Stock futures fall as tech shares dip, Treasury yields jump


Stock futures pointed to a lower open on Monday as technology stocks added to last week’s losses, with Treasury yields climbing further after Congress made headway toward passing another significant COVID-19 relief package.

Contracts on the S&P 500 fell by about 0.5% ahead of the opening bell Monday morning. Nasdaq futures slid 1.5%, adding to declines after the index closed out a third straight weekly loss last week amid a drawdown in tech and growth stocks.

Treasury yields resurged across the curve, and the benchmark 10-year yield spiked to a one-year high of more than 1.61% after the U.S. Senate passed a $1.9 trillion virus relief package over the weekend, with the additional stimulus seen likely to boost the pace of the economic recovery. 

The U.S. House of Representatives is poised to vote Tuesday on the Senate’s version of the stimulus bill, which includes $300 per week in enhanced federal unemployment benefits through early September, $350 billion in state and local aid and $1,400 stimulus checks to most Americans, albeit under tighter income restrictions than had been included in the earlier House version of the bill. The Senate bill, which passed on a party-line vote, is likely to be approved in the House and signed by President Joe Biden before a March 14 deadline, so as to renew pandemic-era federal unemployment benefits from mid-March through early September. 

The prospects of a strong recovery enabled by both the ongoing vaccine rollout as well as the historic levels of fiscal and monetary policy stimulus have simultaneously pushed growth forecasts sharply higher, while also stoking concerns over an overly rapid rise in inflation. Jitters over an eruption of price pressures and higher interest rates have recently provoked volatility in equity markets. However, some strategists suggested these fears may be overblown, and that rising rates should be in fact taken more positively as a signal of a firming economic backdrop.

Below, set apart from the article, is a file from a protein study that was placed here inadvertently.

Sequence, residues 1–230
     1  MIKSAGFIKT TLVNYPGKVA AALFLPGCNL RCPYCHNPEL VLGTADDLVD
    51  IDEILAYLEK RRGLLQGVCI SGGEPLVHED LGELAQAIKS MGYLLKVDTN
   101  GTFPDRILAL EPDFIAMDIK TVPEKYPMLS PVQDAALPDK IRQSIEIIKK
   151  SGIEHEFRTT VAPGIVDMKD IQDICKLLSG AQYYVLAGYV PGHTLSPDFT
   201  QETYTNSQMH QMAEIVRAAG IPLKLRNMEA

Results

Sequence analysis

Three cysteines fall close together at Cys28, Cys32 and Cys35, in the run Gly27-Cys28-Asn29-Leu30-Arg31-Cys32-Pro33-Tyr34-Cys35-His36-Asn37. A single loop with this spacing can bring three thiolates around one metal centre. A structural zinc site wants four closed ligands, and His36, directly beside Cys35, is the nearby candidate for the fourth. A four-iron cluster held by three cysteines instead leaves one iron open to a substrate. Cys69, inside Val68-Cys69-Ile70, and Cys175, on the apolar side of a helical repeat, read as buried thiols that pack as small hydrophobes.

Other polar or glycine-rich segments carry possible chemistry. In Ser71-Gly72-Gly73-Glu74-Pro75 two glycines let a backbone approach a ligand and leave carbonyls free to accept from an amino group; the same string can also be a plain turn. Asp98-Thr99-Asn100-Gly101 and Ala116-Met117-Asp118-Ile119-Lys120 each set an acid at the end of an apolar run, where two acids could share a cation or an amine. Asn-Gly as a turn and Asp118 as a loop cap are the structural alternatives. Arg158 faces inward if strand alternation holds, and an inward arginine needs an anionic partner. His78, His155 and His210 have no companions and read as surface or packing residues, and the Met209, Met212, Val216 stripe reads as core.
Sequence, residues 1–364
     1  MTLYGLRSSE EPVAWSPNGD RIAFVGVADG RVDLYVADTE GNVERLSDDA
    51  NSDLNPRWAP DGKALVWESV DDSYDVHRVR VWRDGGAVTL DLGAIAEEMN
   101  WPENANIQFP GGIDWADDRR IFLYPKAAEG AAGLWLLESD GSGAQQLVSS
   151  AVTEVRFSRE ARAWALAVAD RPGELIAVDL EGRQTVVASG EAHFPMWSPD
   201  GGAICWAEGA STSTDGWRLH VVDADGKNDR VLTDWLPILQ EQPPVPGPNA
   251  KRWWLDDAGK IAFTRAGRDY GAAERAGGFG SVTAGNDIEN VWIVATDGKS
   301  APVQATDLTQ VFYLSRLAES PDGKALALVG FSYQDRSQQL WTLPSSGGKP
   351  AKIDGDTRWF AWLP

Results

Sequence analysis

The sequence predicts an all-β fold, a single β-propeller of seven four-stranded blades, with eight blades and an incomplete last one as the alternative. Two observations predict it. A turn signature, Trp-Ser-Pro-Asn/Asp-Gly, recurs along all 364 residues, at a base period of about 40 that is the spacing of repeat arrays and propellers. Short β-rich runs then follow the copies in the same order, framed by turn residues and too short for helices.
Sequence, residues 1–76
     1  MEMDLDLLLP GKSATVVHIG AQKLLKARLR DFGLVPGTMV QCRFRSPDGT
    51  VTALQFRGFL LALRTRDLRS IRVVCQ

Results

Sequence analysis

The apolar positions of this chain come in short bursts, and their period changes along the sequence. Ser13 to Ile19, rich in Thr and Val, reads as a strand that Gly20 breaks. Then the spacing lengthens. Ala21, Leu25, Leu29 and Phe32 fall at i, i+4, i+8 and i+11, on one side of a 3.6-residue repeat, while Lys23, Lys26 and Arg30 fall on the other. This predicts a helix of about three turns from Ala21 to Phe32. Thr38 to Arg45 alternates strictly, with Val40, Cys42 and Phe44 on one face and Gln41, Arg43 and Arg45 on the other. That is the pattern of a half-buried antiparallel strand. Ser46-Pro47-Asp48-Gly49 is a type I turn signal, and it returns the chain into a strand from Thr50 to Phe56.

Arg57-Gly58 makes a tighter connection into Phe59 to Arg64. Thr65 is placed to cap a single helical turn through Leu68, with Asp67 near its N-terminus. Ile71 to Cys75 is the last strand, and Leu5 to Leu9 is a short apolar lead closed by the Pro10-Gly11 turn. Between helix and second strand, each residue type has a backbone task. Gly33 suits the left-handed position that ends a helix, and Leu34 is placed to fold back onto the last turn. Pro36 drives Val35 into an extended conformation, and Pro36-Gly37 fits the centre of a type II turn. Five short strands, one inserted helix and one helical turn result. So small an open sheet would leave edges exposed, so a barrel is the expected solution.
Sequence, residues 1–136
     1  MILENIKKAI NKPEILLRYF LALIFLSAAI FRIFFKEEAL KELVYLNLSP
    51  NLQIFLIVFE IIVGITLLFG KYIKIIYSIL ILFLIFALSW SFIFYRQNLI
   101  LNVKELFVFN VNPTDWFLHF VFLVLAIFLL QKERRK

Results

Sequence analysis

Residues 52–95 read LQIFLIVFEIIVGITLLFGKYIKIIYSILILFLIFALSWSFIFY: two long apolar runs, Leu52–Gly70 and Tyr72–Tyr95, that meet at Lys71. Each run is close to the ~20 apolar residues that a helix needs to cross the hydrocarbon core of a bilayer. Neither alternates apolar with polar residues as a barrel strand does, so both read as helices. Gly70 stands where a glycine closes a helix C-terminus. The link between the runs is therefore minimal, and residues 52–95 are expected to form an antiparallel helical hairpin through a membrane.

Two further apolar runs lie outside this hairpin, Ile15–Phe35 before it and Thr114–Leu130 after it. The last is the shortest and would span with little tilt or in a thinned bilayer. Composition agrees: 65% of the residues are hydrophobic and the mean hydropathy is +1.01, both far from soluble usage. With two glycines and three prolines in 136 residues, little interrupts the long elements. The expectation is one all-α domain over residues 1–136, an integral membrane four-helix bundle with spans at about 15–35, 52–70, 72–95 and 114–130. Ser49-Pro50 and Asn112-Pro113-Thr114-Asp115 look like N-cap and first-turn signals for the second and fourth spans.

“Equities often struggle when interest rates rise sharply, particularly when driven by real rates,” Goldman Sachs equity strategist David Kostin wrote in a note Friday. “Stretched investor positioning has exacerbated the sharp recent equity market response, particularly because both hedge funds and retail investor have held large positions in long-duration equities that are particularly sensitive to interest rates.” 

However, “even though the recent backup in rates has weighed on equity prices broadly, the pace of inflows into equity funds during the last few weeks has accelerated compared with the start of the year,” Kostin added. “The rotation into equity funds has most favored strategies that benefit from accelerated economic growth.” 

Namely, cyclical sectors like energy and financials have outperformed for the year-to-date and especially in recent weeks, and shares of companies in high-contact industries including air travel and lodging have resurged after a difficult 2020. 

7:18 a.m. ET Monday: Stock futures point to a lower open

Here’s where markets were trading ahead of the opening bell: 

  • S&P 500 futures (ES=F): 3,819.25, down 19.75 points or 0.51%

  • Dow futures (YM=F): 31,457.00, down 8 points or 0.03%

  • Nasdaq futures (NQ=F): 12,489.50, down 174.25 points or 1.38%

  • Crude (CL=F): $66.26 per barrel, +$0.17 (+0.26%)

  • Gold (GC=F): $1,683.80 per ounce, -$14.70 (-0.87%)

  • 10-year Treasury (^TNX): +4.2 bps to yield 1.596%

Traders wearing masks work, on the first day of in-person trading since the closure during the outbreak of the coronavirus disease (COVID-19) on the floor at the New York Stock Exchange (NYSE) in New York, U.S., May 26, 2020. REUTERS/Brendan McDermid

Traders wearing masks work, on the first day of in-person trading since the closure during the outbreak of the coronavirus disease (COVID-19) on the floor at the New York Stock Exchange (NYSE) in New York, U.S., May 26, 2020. REUTERS/Brendan McDermid

Emily McCormick is a reporter for Yahoo Finance. Follow her on Twitter: @emily_mcck

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